While the Palestinians may be impressed with Barak's firm show of leadership, his move against the most extreme of the settlers is unlikely to win much Palestinian applause. After all, the future of settlements remains a key sticking point in the "final status" negotiations between Israel and the Palestinians, and Yasser Arafat's administration is more concerned with the 30 settlements Barak allowed to stand than with the 12 he's pulling down.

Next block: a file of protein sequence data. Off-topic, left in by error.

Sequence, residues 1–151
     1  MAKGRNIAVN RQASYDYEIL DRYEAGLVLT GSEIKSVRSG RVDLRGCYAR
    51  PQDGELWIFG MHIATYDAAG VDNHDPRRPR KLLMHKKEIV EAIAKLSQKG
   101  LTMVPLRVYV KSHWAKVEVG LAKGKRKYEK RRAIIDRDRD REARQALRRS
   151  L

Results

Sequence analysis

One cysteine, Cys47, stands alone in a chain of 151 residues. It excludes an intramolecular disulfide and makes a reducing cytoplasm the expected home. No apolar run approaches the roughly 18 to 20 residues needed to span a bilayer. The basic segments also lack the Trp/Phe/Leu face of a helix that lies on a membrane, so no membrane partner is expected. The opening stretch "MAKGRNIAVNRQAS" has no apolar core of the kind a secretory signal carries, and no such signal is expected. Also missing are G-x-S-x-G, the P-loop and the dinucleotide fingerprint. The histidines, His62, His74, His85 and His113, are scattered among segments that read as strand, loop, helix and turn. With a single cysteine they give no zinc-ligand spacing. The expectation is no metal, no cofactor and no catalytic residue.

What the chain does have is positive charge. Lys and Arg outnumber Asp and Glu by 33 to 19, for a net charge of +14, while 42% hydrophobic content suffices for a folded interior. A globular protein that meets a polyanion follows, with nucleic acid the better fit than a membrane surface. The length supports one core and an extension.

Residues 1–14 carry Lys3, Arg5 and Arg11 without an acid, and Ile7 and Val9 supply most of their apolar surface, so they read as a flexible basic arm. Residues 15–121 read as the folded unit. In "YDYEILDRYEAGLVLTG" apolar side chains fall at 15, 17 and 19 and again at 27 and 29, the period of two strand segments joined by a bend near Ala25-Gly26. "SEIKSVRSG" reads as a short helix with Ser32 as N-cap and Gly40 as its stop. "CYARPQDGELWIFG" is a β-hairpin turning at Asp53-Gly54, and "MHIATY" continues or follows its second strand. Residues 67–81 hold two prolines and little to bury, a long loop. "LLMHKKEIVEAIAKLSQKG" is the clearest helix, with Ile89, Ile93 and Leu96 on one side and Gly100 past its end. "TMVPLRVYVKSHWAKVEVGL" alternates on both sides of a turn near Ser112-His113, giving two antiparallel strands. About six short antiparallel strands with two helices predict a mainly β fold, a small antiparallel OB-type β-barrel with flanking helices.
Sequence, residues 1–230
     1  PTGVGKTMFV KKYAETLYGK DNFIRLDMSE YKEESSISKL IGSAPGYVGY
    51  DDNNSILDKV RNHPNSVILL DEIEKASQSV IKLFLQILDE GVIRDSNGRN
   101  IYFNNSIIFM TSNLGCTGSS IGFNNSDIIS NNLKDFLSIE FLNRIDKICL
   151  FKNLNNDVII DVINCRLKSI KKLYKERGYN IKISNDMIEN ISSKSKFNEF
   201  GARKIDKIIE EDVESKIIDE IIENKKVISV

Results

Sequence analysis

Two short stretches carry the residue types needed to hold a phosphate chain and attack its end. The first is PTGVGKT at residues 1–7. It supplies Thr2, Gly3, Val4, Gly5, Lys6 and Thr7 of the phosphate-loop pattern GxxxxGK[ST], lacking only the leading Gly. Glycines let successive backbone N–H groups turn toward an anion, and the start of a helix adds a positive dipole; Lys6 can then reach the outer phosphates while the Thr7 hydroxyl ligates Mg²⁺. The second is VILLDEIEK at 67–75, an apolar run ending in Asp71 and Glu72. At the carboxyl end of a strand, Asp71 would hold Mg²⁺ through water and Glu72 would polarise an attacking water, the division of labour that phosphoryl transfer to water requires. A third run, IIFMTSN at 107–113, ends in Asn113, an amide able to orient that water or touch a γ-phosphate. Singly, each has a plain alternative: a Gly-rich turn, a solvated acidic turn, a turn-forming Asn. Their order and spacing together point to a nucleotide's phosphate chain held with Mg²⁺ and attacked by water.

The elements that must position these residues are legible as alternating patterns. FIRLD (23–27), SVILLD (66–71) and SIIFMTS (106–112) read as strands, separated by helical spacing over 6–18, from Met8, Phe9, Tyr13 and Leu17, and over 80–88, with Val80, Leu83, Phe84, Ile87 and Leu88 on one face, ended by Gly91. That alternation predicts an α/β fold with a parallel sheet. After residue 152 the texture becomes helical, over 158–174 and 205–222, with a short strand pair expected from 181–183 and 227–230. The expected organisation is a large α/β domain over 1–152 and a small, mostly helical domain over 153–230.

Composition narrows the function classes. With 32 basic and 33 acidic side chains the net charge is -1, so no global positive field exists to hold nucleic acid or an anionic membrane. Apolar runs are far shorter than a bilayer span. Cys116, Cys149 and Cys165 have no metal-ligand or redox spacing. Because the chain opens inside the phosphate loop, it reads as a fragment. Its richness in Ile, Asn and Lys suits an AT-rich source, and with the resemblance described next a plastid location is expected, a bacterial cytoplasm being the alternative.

No mistaking who's in charge in Israel. Prime Minister Ehud Barak sent a platoon of soldiers and a bulldozer to the illegal Israeli settlement of Hava Maon in the West Bank Wednesday, to underline his eviction notice to a group of Jewish zealots who'd defied a deal struck by Barak and the settler movement leadership limiting new settlements. The spectacle of Israeli troops who were given special psychological counseling before being sent into action against fellow Jews strong-arming their country's religious right may be troubling to some Israelis, but unlike his mentor Yitzhak Rabin, Barak has carefully wooed the settler leadership with an inclusive approach. That resulted in a deal to destroy 12 settlements erected without government permission, but to leave standing a further 30. Acting firmly against the "Young Generation" group of settlers who defied their elders' accommodation with the authorities is therefore unlikely to damage Barak's domestic political standing even the right-wing Likud government forcibly removed settlers from the Sinai in 1980 after concluding peace with Egypt.